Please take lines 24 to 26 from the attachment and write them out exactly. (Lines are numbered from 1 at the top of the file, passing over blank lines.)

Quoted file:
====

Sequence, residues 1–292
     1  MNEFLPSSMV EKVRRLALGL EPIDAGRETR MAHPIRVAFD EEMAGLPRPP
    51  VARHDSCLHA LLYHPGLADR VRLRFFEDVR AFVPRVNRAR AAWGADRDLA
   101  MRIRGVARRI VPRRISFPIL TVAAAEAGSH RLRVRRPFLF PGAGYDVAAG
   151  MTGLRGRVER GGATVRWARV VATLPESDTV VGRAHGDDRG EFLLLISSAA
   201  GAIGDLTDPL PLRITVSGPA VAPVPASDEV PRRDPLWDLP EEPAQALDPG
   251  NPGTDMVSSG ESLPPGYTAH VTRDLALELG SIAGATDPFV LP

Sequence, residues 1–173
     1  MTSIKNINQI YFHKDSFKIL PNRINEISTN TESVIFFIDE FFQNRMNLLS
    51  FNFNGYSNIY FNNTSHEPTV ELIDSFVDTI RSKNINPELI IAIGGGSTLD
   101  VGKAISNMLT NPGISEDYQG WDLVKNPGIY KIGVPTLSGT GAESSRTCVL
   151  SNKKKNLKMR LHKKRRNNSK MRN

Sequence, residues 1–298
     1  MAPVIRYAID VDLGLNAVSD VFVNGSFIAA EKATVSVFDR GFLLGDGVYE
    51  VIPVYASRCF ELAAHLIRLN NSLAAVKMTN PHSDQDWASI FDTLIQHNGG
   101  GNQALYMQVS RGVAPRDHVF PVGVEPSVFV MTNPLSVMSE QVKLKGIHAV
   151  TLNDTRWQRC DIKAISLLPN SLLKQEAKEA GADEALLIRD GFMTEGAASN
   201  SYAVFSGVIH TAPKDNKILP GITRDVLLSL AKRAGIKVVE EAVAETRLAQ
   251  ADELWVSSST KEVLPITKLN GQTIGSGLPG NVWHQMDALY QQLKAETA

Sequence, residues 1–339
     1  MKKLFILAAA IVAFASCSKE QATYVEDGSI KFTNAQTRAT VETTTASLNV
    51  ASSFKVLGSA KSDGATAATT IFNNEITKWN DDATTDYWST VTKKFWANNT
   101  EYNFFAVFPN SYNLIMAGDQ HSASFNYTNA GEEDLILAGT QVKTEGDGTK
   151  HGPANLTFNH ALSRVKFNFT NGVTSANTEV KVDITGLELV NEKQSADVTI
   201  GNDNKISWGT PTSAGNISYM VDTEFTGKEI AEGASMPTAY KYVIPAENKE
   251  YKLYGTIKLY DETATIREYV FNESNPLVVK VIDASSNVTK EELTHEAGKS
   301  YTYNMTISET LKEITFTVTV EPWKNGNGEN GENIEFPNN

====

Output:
   151  HGPANLTFNH ALSRVKFNFT NGVTSANTEV KVDITGLELV NEKQSADVTI
   201  GNDNKISWGT PTSAGNISYM VDTEFTGKEI AEGASMPTAY KYVIPAENKE
   251  YKLYGTIKLY DETATIREYV FNESNPLVVK VIDASSNVTK EELTHEAGKS